117th Annual Juried Art Show of the NHP&CC

Very proud to be part of the 117th annual juried show of the New Haven Paint & Clay Club. Beautiful curated show by D. Samuel Quigley from the Lyman Allyn Art Museum. Out of my two paintings, β€œThe Drummer” got the Lucille Davis Grimm Award. The show will be up until 6/2 at Creative Arts Workshop, 80 Audubon St, New Haven CT

Board of Directors

I am honored to announce that I was elected to the board of directors of the New Haven Paint and Clay Club, one of the oldest art organizations in the country, founded in 1900 by graduates from the Yale School of Visual Arts. I am looking forward to helping the Club's mission of supporting and encouraging the Arts and its creators.

New Haven Paint and Clay Club member's show

My painting "Electric Karma" is part of the member's show at the John Slade Ely House in New Haven. I am really excited to be showing this piece. There will be a closing reception on 10/15 from 5 to 7pm. If you are in the area please come take a look at it. 

 

Best in Show award

I am honored to announce that my painting "La Chica de Humo" won Best in Show (Weiss sisters award) at the 115th annual juried New Haven Paint and Clay Club. This painting, 6ft tall, I made while still recovering from knee surgery and it was a challenging but also very rewarding piece. Please come to the opening on Friday May 13th, 2016 from 5 to 7pm at the Creative Arts Workshop in New Haven CT..  The show will run until June 10th.  

La chica de Humo, oil on canvas, 30x72"
 

Stamford Symphony

On Saturday March 12 I had the opportunity to help organize an event for Stamford Symphony before their Spanish Concert featuring Carmen. We had flamenco dance by Yohanna Escamilla, accompanied in the guitar by Val Ramos, tapas by Barcelona and I exhibited some of my Spanish inspired paintings. The event was a big, sold-out success and allowed me to show a series of my work among the Spanish culture I adore. www.stamfordsymphony.org

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Painting at John Slade Ely House

I am proud to announce that my painting "Stroke" (Oil on canvas 36x60) will be part of the 114th Annual Juried Art Exhibition of the New Haven Paint & Clay Club. She show will until april 12, 2015 and the opening reception will be on Sunday March 22 from 2 to 5 pm.  Come down to see interesting paintings at this great location.  Some of my friends will be showing as well and I am very proud to be included in this crowd. 

 

Working in the studio

I love being in the studio. It is a refuge, an sanctuary and a spa at the same time (and work-out room and dance studio as well).  I want to share some pictures of the many hours I spent there working.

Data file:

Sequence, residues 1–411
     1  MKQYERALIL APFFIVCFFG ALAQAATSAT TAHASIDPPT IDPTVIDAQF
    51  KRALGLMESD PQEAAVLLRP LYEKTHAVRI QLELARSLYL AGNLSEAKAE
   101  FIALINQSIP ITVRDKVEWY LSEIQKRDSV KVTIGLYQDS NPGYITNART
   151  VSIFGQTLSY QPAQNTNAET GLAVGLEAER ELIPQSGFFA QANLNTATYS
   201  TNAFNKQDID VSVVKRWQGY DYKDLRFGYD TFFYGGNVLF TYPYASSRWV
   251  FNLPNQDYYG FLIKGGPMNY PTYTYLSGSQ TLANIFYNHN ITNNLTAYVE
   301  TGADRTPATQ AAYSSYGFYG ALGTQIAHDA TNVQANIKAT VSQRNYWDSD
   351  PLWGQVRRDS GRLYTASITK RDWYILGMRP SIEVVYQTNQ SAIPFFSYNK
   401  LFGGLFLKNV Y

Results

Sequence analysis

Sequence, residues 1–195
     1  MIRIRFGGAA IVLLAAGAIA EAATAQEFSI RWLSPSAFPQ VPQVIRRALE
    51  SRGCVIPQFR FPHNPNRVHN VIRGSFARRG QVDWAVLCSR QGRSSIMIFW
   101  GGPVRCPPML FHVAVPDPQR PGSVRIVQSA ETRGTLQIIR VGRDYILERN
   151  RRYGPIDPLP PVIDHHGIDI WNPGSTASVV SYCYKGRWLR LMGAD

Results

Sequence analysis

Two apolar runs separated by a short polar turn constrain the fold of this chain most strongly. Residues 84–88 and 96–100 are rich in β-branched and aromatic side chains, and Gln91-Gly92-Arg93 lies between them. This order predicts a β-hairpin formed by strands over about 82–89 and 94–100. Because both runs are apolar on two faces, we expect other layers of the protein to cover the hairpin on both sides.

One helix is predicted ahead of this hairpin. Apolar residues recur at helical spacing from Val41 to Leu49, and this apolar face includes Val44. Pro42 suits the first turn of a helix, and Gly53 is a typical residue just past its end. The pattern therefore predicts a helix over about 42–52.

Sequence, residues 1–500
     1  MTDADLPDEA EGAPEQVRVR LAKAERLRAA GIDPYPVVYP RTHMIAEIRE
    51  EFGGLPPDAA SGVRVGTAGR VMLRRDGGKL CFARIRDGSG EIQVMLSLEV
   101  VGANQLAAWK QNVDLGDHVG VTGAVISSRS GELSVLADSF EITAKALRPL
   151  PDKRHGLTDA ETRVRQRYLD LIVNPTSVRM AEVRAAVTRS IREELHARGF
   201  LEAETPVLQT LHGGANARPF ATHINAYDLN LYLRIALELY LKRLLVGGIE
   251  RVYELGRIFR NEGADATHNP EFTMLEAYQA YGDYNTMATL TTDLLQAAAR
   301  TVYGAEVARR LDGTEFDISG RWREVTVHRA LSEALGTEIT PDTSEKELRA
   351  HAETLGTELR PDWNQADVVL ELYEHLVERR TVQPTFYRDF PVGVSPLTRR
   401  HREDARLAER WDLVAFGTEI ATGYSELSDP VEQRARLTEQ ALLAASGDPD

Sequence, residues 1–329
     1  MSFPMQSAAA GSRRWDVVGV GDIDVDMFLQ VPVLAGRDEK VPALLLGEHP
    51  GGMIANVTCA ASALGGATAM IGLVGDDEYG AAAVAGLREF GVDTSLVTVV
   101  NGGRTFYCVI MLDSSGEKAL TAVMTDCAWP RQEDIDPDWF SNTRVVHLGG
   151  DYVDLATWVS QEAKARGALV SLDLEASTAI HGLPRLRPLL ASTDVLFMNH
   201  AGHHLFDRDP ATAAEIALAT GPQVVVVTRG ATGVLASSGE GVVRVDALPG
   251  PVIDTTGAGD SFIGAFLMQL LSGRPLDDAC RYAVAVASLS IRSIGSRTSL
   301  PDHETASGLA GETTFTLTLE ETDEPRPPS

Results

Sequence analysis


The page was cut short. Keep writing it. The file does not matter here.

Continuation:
New studio

A few months ago I moved into a new studio. It has been very interesting getting used to the different light, environment and specially the high ceilings. Although the main window faces north, providing the studio with stable cool light, I also have a west window that provides me a beautiful warm sunset light and also a south window.   I am looking forward to seeing the new direction of my work in the new studio.


CT Society of Portrait Artists

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I am very proud to be part of the biannual Connecticut Society of Portrait Artists "Faces of Winter 2014". The show will be at the gallery of UCONN- Stamford campus from February 6th to the 28th, with an opening reception on the 6th from 6-8pm. I will be showing my painting "Vuelo de Luna" for the first time. Hope to see you there.

The gallery is open Monday-Friday 9:00am-7:00pm / Saturday 9:00am-1:00pm

Painting Pregression

In my opinion, the most magical moment of a painting is when after the initial sketch I put the first blocks of colors.  I love seeing how shapes and volume start appearing without the constraint of accuracy. A moment of complete freedom. I am not worried about the future, of how the painting is going to look, I am just in total communion with each brushstokes.  That is probably one of the reasons why I enjoy working alla prima so much, because it is like floating in this stage for 2-5 hours.  Then that bliss is followed by the moment of questioning each brushstoke, revising the drawing, making corrections, making decisions. In a way it seems I start a painting with my right brain before calling an audience with the left one, from the ultra expressive to the analytical one. 

Even when this second stage does not sound as fun, I have to admit that dealing with it has taught me great lessons is life, including that sometimes mistakes are OK, and that almost everything can be fixed (as long as it has a good foundation).  To remind me how I sail between these two shores I have started taking progression shots of my work.  Here are a couple of examples. One is a still life that I am still working on and the other one a 3-hour charcoal drawing. 

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